Sen. Stumpf said the bill has provisions that change the delivery of education, yet provides fewer resources. He said the bill does reduce the budget and that there were limited resources for new programs. Stumpf said the measure appropriates $13.441 billion for the biennium, which is a 3.3 percent reduction. The general fund appropriation is $6.351 billion for FY 2010 and $6.570 billion for FY 2011. The bill also includes $519 million in federal stimulus one-time funds. The bill does contain a reduction of about seven percent in the 2012-2013 biennium. Stumpf said the Senate has chosen to make cuts throughout the state budget, including education.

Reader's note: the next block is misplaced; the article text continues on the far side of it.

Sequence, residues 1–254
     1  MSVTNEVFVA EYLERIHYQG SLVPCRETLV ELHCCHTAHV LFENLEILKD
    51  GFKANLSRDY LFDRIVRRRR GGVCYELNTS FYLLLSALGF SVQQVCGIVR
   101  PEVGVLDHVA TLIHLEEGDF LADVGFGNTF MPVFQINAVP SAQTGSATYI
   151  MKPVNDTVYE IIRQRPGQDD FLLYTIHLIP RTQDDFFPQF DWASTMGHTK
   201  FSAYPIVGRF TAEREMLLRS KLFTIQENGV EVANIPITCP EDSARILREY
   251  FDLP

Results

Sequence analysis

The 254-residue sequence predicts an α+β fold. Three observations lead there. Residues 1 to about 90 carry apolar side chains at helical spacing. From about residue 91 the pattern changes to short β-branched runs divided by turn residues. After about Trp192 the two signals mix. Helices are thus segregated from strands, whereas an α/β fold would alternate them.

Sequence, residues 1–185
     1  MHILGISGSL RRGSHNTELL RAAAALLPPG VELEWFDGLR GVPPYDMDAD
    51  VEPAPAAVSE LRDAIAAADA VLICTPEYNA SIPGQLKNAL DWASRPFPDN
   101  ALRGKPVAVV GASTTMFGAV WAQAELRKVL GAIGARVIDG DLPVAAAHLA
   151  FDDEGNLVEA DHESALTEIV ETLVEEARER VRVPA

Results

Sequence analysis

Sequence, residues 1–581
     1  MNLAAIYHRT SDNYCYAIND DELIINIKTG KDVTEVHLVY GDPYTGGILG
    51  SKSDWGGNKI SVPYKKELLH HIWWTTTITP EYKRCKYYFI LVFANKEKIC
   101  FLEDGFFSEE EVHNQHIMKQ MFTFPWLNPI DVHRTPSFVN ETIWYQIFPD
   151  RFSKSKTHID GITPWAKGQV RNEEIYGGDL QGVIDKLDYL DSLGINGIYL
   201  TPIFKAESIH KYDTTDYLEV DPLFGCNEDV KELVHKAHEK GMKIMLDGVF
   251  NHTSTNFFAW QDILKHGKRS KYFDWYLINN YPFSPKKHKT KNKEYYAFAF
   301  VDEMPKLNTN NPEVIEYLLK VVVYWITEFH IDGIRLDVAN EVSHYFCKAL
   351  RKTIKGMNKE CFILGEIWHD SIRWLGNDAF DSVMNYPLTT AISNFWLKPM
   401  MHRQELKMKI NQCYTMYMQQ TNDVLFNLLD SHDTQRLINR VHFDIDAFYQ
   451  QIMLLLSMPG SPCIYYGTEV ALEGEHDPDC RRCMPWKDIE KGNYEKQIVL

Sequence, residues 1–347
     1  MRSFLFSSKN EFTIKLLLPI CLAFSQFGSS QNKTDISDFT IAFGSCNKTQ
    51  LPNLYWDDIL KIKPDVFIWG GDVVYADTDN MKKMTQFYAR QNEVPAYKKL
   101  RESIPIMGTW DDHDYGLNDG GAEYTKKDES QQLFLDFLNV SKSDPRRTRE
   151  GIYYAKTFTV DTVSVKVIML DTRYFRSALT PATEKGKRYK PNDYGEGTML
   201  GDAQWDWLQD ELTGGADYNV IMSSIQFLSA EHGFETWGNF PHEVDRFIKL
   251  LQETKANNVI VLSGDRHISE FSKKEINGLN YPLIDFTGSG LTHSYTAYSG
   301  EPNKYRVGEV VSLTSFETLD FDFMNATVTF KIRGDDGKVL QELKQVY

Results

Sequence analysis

Included in the bill are provisions that provide for education excellence through assessments of performance, requires comprehensive, scientifically-based reading instruction and provides for an alternative teacher preparation program. The bill also includes language on charter schools and sets forth requirements for sponsorship, provides for better financial oversight and requires charter school board members to attend department approved training.

Sen. Chuck Wiger, DFL-Maplewood, said the bill aligns the reading, math and science testing requirements to the standards for high school coursework, defines the state graduation test requirements for students and allows a four year alternative method by which a student can earn a state notation, if the student does not pass the mathematics GRAD test.

The latest engrossment of the bill can be found here.

The House K-12 Education omnibus bill will be making its way through committee next week when lawmakers return from spring break.

Today at the Capitol
No meetings scheduled - Legislature on Spring Break